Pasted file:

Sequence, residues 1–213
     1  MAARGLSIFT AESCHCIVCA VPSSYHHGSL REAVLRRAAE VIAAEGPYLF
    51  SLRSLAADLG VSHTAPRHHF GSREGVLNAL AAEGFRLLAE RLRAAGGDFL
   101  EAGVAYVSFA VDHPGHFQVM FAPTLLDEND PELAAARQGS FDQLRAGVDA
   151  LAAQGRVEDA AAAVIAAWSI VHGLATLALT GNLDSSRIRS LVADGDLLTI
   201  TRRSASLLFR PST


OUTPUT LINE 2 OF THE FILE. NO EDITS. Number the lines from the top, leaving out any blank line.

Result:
     1  MAARGLSIFT AESCHCIVCA VPSSYHHGSL REAVLRRAAE VIAAEGPYLF